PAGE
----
Sehul Patel, owner and superintendent pharmacist at Coopers Pharmacy in Sutton, Surrey, talks to Saša Janković about maximising his travel health clinic.

Service type: Travel clinic

Name and location of pharmacy: Coopers Pharmacy, Sutton, Surrey

Name of superintendent pharmacist: Sehul Patel

Why did you start offering this service?

I set up this service in the first place, in 2012, as an extra source of income as it wasn’t a service that was widely offered in my area at the time. So I thought it would be a good way of tapping into a market which was not well served. Now it is more common, but because I built up a client base over the years people come back for their boosters and I get a lot of referrals via word of mouth and from a lot of local surgeries.

I even get customers coming from east London – which is a surprise that people will travel that far considering how many travel clinics there must be on the way from there to me – but I put it down to the fact that I started earlier than a lot of other places and have built up a good reputation for the service in that time.

How much did it cost to set up the service?

The initial cost is about £300 for the PGDs, with training on top.

What, if any, training did you or other team members have to undergo?

When I first started, I had to learn vaccination technique, but now because we do flu jabs that gets updated every two years anyway. We need to do the anaphylaxis and CPR training every couple years, renew our PDGs, and some CPD just to make sure we are up to date with what the different vaccines are for and how often they should be given.

We are also a yellow fever vaccination centre, so we need to do the NaTHNaC training every two years, online, as well.

In a nutshell, what does the service involve?

We offer the full PGD travel vaccination service, and unlike some other companies I do walk-ins as well as appointments. This can involve some careful planning for travellers who are going away for a long trip and need multiple jabs, and we work with them in advance to create a schedule that fits in around their availability before they go.

We also have a PGD for ethoxzolamide, which is licensed for eye pressure, but we can supply via the PGD for altitude sickness.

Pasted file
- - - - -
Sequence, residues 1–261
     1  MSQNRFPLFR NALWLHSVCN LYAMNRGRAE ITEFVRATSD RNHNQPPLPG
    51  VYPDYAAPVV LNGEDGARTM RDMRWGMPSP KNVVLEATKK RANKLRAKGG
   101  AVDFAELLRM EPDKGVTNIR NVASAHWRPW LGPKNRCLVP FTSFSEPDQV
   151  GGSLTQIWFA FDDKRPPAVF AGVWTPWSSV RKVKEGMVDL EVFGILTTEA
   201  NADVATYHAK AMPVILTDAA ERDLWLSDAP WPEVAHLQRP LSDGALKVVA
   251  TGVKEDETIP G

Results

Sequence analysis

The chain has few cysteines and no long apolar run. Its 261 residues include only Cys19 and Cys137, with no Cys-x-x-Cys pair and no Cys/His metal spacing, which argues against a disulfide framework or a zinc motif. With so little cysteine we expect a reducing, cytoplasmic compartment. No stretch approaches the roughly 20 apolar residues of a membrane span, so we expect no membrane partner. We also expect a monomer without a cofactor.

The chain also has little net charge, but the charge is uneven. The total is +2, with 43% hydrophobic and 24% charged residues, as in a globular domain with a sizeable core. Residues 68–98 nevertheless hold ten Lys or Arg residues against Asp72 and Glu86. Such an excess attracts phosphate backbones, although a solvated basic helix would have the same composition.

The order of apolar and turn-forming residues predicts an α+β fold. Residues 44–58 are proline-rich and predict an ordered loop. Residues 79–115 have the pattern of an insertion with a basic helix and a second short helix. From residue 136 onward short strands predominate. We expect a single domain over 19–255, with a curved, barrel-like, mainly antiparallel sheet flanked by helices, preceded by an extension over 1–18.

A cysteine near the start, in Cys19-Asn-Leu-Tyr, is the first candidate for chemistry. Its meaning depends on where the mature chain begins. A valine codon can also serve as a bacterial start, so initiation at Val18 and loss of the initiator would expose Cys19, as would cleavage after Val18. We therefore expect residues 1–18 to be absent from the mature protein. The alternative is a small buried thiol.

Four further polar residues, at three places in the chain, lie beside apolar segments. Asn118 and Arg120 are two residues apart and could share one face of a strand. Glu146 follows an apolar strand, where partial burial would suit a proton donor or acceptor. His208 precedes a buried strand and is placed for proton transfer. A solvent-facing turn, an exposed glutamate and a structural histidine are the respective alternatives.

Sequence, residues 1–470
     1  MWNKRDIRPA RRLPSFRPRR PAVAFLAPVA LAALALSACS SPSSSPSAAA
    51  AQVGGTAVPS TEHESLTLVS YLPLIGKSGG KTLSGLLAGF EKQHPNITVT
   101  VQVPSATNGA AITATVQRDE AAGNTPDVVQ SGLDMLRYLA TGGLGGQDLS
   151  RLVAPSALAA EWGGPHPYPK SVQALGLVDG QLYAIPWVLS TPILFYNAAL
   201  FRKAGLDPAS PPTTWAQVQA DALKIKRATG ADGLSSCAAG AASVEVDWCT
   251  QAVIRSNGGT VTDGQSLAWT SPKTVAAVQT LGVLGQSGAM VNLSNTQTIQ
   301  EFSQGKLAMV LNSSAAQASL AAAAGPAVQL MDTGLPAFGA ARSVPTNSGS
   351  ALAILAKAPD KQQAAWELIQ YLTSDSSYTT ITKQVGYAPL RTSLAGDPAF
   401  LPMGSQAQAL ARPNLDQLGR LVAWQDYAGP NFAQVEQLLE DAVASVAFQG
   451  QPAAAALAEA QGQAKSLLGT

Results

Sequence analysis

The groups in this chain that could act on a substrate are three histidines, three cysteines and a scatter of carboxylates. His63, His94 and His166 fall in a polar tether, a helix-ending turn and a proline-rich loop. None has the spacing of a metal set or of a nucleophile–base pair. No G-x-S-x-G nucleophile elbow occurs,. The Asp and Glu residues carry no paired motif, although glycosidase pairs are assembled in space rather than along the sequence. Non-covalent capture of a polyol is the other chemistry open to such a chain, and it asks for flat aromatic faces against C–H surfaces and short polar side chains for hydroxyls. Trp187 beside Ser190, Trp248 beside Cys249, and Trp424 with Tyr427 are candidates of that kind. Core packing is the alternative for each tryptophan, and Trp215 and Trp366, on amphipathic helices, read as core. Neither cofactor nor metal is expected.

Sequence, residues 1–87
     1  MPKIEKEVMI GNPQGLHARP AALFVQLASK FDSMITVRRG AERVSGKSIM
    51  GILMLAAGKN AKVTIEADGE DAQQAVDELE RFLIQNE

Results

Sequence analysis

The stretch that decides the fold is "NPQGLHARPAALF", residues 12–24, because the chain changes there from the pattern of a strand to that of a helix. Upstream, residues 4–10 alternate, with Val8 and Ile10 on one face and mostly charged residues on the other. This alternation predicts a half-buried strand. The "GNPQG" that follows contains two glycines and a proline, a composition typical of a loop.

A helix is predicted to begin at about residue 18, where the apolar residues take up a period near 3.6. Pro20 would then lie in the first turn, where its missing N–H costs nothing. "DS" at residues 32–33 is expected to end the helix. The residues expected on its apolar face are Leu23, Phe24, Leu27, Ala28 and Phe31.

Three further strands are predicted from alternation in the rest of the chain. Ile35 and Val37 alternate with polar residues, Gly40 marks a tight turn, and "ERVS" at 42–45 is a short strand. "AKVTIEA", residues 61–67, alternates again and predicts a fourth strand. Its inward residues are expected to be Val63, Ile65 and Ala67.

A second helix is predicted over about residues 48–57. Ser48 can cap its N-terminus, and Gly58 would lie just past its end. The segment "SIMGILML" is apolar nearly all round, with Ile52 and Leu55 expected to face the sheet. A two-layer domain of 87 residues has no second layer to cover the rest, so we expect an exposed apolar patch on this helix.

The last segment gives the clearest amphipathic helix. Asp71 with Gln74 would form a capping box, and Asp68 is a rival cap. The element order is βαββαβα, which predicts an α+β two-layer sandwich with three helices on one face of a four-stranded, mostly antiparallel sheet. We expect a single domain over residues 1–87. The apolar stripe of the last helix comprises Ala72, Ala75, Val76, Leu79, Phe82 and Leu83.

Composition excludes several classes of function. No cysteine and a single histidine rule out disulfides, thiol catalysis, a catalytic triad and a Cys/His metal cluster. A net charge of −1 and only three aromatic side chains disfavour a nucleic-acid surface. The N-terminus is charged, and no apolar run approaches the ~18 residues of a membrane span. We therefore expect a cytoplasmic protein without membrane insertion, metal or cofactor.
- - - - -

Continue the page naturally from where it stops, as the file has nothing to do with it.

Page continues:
During the pandemic, customers for our travel clinic dropped to virtually zero - we did do a couple of vaccinations a month, but that was more for occupational health than from traveling. I was able to pivot to offer Covid antigen testing in house, as well as Covid PCR testing using the London Medical Laboratory service, and I’m still doing those now.

Are there any opportunities to sell OTC or prescription products during or after the consultation?

There’s always a chance to link sales with travel goods such as insect repellent sprays, upset stomach products, antihistamines, and creams for bites, and people going on long backpacking trips often want to buy a complete first aid kit.

How have patients responded to the service?

Word of mouth and surgeries’ referrals work really well for us, and we know that customers like the service as they keep coming back – even from the other side of London.

It helps that we are a yellow fever centre as there are still not many around, so customers tend to think that if they are coming here for that they might as well get everything else from us too.

Roughly how often each month do you carry out the service?

I must have seen about 200 people in July 2022 – and I do have a second pharmacist, which helps.

I also have a contract with a local engineering company which sends a lot of employees to far-flung places, so staff come and get their travel vaccinations and malaria tablets from me and I charge the company directly. This came about because I noticed that a lot of their employees were coming in for jabs and asking me for receipts to claim back the cost from the company. So, I went to see their HR department to ask if they wanted to set up something, which is great for us, and also for them. I do their flu vaccinations now as well, and I have another contract with a local special educational needs school for hepatitis B vaccines, as their staff can be at risk of bites from the pupils.

How much do you charge for the service?

It depends on the vaccine, but I don’t charge a consultation fee.

Would you recommend offering this service to other contractors?

It’s a difficult one now, as so many other places offer a travel health service, but if you are in the right location and don’t have anyone else nearby doing it then yes, 100% go for it.